You asked for it and now you’re getting it: I’ve just posted my review of the Canon PowerShot SD880 IS Digital ELPH aka Digital IXUS 870 IS; Canon’s latest pocket camera with a 28 mm wide-angle lens, big screen and the latest Canon bells and whistles. I’m surprised at the number of emails I’ve been getting daily, asking for a review of this camera and I can only guess it has something to do with Christmas and shopping. Do check out the Canon SD880 Digital ELPH/Digital IXUS 870 IS photo gallery as well. Click the link for the full review of the camera.
DPInterface Canon PowerShot SD880 IS Digital ELPH/Digital IXUS 870 IS Review
Brad Soo – December 17th, 2008 (Updated December 18th, 2008)
It’s the camera that is sought after by many; it’s Canon’s latest compact camera with a wide lens. The PowerShot SD880 IS Digital ELPH isn’t anything revolutionary compared to last year’s model – rather, more evolutionary but all the more to make it an even more attractive camera (both design and feature wise). Check out the changes versus the SD870 IS Digital ELPH:
- More resolution (almost a given change, 10 megapixels vs 8 megapixels)
- Changes in the styling department; slightly smaller body and bigger buttons on the back
- A “real” rear command dial (instead of a touch-sensitive one)
- New DIGIC 4 processor
- Improvement in battery life by 15%
- Slightly more powerful lens (4X zoom versus 3.8X previously)
- New movie recording codec (means longer movies)
- New iContrast feature, Face Self-timer and AF Servo mode
So there we have it; a 10 megapixel camera with a 3 inch screen and 4X wide zoom lens that’s small enough to fit into your pocket. How does the camera stack up against the stiff competition in the market? We’re going into that right now…
The Canon PowerShot SD880 IS Digital ELPH is also known as the Canon Digital IXUS 870 IS in other parts of the world. Not to be confused with the camera’s predecessor, the SD870 IS Digital ELPH aka Digital IXUS 860 IS… Yup, Canon’s way of naming their cameras has been getting increasingly complex and confusing lately. For the sake of consistency, I’ll be using the SD880 IS Digital ELPH name throughout this review.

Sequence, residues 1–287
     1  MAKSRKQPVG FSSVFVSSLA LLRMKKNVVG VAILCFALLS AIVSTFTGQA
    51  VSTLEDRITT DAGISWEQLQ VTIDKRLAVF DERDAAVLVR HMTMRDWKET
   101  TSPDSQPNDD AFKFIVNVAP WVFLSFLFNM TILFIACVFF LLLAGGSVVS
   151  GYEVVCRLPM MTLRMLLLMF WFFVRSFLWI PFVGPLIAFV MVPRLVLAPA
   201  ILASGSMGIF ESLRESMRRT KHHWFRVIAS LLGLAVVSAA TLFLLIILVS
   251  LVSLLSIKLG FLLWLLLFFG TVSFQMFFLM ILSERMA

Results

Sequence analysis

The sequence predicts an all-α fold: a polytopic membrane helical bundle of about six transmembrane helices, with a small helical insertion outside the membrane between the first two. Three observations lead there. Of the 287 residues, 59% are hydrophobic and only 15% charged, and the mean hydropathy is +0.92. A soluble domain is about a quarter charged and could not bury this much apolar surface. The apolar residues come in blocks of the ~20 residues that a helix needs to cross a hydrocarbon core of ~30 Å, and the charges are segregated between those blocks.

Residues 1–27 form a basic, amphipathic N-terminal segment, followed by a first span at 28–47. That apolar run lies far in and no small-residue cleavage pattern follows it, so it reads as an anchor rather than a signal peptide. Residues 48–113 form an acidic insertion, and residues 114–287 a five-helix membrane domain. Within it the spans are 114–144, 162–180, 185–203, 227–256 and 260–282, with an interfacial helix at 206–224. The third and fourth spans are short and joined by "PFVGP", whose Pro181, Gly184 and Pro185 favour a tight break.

Size and Weight
(174.2) 93.8 x 56.8 x 23.6 mm (155 g) – Canon PowerShot SD880 IS Digital ELPH
(177.5) 96.9 x 57.6 x 23.0 mm (131 g) – Casio Exilim Z300
(180.0) 97.7 x 58.9 x 23.4 mm (153 g) – Fujifilm FinePix F100fd
(172.2) 93.3 x 57.9 x 21.0 mm (148 g) – Kodak EasyShare V1073
(176.0) 96.5 x 57.0 x 22.5 mm (130 g) – Nikon Coolpix S610c
(175.8) 93.6 x 60.9 x 21.3 mm (170 g) – Olympus Stylus 1030SW
(168.8) 94.7 x 51.9 x 22.0 mm (125 g) – Panasonic Lumix FX37
(165.8) 93.6 x 57.2 x 15.0 mm (126 g) – Sony Cyber-shot T77
All the weight figures above show when the camera is empty without a battery or memory card
The Canon PowerShot SD880 IS Digital ELPH is right in the middle of the pack in terms of size and weight. That’s alright since all of the cameras above are pocketable, and I’d be worried for the size of the buttons on the back if the SD880 got any smaller.
The Canon PowerShot SD880 IS Digital ELPH has your average digital camera box contents – no surprises here:
- Rechargeable lithium-ion battery (NB-5L)
- Battery charger
- 32 MB SD memory card
- Wrist strap
- USB and A/V cables
- Camera software CD
- User’s manual
Yay for the world, Canon included another (utterly useless) 32 MB Secure Digital memory card with the SD880 IS, which means you’ll have to buy a larger memory card with the camera right away. A 32 MB card holds just eleven ‘Fine’ quality pictures at full-resolution by the way.
The Canon PowerShot SD880 IS supports SD, SDHC (SD cards which are 4 GB and above) and MMC (typically slower than SDs) memory cards. My suggestion would be to get at least a 2 GB SD card with the camera, a 4 GB SDHC card would be even better. The Canon PowerShot SD880 IS Digital ELPH is able to benefit from the use of high-speed memory cards so you might want to pick up a high speed SD/SDHC at that.
A high-speed card rated to speeds of 60X to 80X would be nice since anything higher would be an overkill. The camera’s performance was noticeably faster when I used my SanDisk Ultra II (90X) SDHC card with the camera compared to a standard issue SD/SDHC.